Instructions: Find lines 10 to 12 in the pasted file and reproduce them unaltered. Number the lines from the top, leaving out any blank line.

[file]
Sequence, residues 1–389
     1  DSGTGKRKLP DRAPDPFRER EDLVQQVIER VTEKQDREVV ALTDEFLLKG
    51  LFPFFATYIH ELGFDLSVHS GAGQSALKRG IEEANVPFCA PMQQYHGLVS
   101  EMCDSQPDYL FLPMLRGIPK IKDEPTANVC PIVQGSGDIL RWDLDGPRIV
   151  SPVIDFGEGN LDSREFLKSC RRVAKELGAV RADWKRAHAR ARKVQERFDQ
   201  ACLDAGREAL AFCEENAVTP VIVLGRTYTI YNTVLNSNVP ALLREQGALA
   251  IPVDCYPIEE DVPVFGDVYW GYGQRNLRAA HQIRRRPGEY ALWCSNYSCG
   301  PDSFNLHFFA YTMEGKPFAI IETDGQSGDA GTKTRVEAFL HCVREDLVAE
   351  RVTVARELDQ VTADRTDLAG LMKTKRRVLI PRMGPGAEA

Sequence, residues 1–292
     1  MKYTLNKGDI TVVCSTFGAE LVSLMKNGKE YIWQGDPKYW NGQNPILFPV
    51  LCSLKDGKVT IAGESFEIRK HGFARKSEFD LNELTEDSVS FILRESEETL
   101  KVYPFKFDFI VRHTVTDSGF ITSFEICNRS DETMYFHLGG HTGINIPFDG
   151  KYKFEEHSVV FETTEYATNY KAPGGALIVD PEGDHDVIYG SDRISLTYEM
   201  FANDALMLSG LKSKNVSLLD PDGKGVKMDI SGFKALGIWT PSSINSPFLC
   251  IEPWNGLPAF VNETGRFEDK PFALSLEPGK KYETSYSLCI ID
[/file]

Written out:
Sequence, residues 1–292
     1  MKYTLNKGDI TVVCSTFGAE LVSLMKNGKE YIWQGDPKYW NGQNPILFPV
    51  LCSLKDGKVT IAGESFEIRK HGFARKSEFD LNELTEDSVS FILRESEETL